The good: Super thin and attractive design, Moto Mods are easy to use, Snappy performance.
The bad: Bloatware, Sometimes runs hot.
Who should buy: Android fans looking for a customizable, premium smartphone.
Smartphones have already taken on the role of digital wallet, camera, pocket-sized newspaper, and portable game console. But some companies are trying to further add to their capabilities, offering so-called “modular” phones that gain new features with the help of added accessories.
Motorola is the latest phone maker to jump on this trend. Its new Moto Z Droid and Moto Z Force Droid phones are compatible with a special line of accessories designed to connect to the phones’ back panel. The earliest of these so-called “Moto Mods” can transform either phone into a portable projector, a speaker system, or simply give the devices extra battery life.
The Verizon-exclusive Moto Z and Moto Z Force, which cost $624 and $720 respectively without a payment plan and are available for preorder starting Thursday, come as Motorola’s competitors have announced phones with similar capabilities. LG’s G5 works with components like a larger battery or camera grip, while Google plans to develop a shape-shifting phone with modules that can be pulled apart like LEGOs.
In practice, the Moto Mods work almost like a regular phone case. But instead of fidgeting with the phone to fit it in a frame, mods snap easily onto the back of the phone. Accessories connect to the phone’s back panel via magnets, allowing them to communicate with the device without any complicated setup. That makes using them easier than adding accessories to the LG G5, which requires some tugging at the phone’s base.
To get the projector up and running on my Moto Z, I simply snapped it on to the phone, held down the projector’s power button to turn it on, and fired up Netflix to project TV shows onto my wall. The projection size is automatically adjusted depending on the surface it’s being aimed at. After some toggling, the picture displayed on my bedroom wall looked crisp and clear.
My experience using the JBL speaker was similar: just snap and go. The add-on gave the Moto Z’s audio a big boost, making it much more pleasant to listen to music without headphones. There’s also an integrated kickstand in the speaker Mod, which came in handy while watching Netflix. Tumi’s power pack Mod, meanwhile, is noticeably slimmer than most battery cases, making it a solid option for those seeking extra power without added bulk.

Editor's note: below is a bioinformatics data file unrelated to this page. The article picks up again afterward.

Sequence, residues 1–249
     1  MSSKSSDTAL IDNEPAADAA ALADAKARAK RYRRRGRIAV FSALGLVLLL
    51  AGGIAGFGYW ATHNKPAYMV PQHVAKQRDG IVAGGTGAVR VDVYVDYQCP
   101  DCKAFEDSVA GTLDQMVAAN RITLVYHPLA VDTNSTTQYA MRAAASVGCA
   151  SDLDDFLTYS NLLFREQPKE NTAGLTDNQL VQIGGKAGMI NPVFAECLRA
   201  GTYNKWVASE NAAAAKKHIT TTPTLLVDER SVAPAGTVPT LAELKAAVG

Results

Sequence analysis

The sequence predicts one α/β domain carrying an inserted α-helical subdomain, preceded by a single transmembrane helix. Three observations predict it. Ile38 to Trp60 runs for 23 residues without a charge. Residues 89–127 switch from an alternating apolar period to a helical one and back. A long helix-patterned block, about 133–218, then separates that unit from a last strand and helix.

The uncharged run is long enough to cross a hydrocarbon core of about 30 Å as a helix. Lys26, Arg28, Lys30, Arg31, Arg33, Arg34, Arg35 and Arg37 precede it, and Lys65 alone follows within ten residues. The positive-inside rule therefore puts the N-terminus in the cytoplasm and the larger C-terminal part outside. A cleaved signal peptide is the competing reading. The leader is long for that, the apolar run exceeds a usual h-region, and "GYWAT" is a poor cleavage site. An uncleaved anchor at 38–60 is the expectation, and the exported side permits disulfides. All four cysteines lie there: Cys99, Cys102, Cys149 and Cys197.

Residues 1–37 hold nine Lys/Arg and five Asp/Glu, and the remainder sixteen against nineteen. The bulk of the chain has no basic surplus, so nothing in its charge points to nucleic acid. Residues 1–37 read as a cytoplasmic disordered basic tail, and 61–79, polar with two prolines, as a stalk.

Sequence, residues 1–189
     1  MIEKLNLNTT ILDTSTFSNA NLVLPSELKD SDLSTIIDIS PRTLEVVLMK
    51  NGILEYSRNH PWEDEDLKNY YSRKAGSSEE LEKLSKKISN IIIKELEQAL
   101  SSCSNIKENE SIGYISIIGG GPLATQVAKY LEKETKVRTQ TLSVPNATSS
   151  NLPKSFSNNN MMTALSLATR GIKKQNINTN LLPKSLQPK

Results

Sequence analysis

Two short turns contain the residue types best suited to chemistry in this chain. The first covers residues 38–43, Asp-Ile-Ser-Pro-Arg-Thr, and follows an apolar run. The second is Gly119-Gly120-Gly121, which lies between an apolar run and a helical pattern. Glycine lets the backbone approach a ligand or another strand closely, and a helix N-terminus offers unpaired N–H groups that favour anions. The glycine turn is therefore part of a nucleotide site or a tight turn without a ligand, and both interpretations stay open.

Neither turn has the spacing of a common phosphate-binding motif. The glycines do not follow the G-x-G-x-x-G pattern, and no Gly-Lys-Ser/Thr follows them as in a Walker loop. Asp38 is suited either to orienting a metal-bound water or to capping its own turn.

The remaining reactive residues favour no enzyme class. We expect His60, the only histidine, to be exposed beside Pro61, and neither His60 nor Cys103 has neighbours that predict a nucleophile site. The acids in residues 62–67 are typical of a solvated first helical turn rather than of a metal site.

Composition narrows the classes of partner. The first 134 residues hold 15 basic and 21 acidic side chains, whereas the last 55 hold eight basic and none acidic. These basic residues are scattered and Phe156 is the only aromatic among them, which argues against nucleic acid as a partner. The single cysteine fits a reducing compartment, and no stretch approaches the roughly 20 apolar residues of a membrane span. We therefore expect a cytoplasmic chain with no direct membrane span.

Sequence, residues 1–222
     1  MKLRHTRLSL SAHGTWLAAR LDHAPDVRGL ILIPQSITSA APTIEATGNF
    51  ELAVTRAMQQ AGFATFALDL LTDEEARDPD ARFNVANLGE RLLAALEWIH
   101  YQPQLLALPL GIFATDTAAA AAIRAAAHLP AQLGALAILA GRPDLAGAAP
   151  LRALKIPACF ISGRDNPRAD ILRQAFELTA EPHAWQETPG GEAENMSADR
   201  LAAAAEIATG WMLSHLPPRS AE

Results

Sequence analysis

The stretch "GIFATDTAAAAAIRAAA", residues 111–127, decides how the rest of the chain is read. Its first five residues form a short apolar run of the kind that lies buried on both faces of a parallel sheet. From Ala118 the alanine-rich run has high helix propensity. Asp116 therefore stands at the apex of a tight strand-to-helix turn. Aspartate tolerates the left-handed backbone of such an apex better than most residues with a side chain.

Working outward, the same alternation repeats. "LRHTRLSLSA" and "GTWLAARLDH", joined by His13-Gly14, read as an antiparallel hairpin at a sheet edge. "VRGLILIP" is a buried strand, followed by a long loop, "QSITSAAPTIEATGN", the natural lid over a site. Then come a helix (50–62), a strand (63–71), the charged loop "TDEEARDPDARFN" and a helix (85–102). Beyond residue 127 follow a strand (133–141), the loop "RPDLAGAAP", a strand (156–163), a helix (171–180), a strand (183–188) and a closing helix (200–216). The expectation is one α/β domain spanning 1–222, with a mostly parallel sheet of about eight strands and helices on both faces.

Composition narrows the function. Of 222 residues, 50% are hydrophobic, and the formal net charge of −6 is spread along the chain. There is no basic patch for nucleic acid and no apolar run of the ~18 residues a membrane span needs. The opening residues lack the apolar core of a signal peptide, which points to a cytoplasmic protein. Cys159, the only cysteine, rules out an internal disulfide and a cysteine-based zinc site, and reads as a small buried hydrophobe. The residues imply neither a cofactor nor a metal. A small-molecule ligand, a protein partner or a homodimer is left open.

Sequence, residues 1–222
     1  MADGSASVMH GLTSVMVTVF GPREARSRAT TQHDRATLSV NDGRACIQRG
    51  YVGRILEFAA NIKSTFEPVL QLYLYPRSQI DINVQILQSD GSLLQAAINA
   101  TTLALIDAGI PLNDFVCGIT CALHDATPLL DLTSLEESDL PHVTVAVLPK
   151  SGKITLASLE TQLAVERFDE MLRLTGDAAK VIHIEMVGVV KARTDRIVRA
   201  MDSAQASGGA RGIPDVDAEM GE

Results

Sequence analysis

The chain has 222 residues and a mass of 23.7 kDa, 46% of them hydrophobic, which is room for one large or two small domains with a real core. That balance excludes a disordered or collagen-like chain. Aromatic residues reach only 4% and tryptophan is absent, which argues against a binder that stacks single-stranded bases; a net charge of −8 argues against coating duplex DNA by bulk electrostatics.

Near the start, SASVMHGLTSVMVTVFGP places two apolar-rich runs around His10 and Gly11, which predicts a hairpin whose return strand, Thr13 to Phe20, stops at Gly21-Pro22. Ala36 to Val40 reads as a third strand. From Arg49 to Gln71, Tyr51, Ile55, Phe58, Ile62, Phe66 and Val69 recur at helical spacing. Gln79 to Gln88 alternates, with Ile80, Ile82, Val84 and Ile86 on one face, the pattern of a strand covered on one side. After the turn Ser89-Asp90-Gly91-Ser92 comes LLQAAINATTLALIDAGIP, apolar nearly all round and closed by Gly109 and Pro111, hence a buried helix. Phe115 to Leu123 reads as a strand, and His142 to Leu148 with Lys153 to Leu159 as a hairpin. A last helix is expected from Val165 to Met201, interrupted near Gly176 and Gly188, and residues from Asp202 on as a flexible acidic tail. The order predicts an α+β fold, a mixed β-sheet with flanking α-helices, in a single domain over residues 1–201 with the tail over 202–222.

To get these add-ons, you’ll have to pay $299.99 for the Moto Insta-Share Projector, $79.99 for the JBL SoundBoost, or between $59.99 and $89.99 for a power pack made by Tumi or Kate Spade.
For general use, the Moto Z and its more expensive Force sibling are perfectly adequate. The two phones differ in a few important ways: the Moto Z Force has a screen that Motorola says is shatter-resistant, its battery is larger than that of the Moto Z, its main camera has a higher resolution, and the Force model is generally thicker and heavier.
Meanwhile, the Moto Z stands out for its incredibly thin and lightweight frame, which feels sleeker than any phone I’ve tested this year. At 5.19 millimeters, it’s slimmer than most flagship phones, including Apple’s iPhone 6s, which measures 7.1 millimeters. This is especially important for the Moto Z, as a large part of its appeal hinges on attaching accessories that come with the cost of extra bulk. The one exception to the Moto Z’s svelte physique is its camera, which juts out from the back of the device line a knob. (Moto Mods have a circular cutout to accommodate this.)
The Moto Z’s thinness comes with an important tradeoff: There’s no headphone jack. Both phones only contain a single USB Type C port; plugging in headphones requires an adapter. (Another hangup: The phone had the tendency to get hot after just a few minutes of use.)
The Moto Z’s interface is straightforward and will feel familiar to most Android users. Its biggest shortcoming, though, is that it comes preloaded with more than a dozen apps that I’ll likely never use. These extraneous pieces of software — called bloatware — can be bothersome for those like myself who prefer a neater aesthetic. My Moto Z’s app drawer was crowded with seven Verizon apps in addition to a few other games and services I don’t use.
Although the Force model has a 21-megapixel main camera compared to the slimmer Moto Z’s 13-megapixel shooter, I didn’t see much of a difference when comparing photos captured on both phones side by side. While the images taken with the Moto Z devices looked sharp and crisp, I noticed that photos taken on Samsung’s Galaxy S7 Edge and iPhone 6s Plus boasted richer colors.
The Moto Z’s battery lasted for more than a day, which is on par with what I’ve experienced on premium smartphones. After nearly 24 hours of using the device sporadically to play games, browse the web, check social media, and take photos, my Moto Z’s battery was at about 20%.
Motorola’s Moto Mods offer more flexibility than most smartphone accessories, allowing Moto Z and Moto Z Force owners to easily bolster the phone’s abilities or add new features altogether. The Mods’ most impressive aspect is that they just work. Clicking a Moto Mod into place instantly turned my phone into a projector without any cables or hassle.
For many, though, the Mods may not be compelling enough to make the Moto Z their phone of choice, especially since they come at a high price. At the moment, they’re more of a novelty than a necessity, which is a barrier competitors like LG and Google will also face as they pursue development of their own modular smartphones.
3.5 out of 5 stars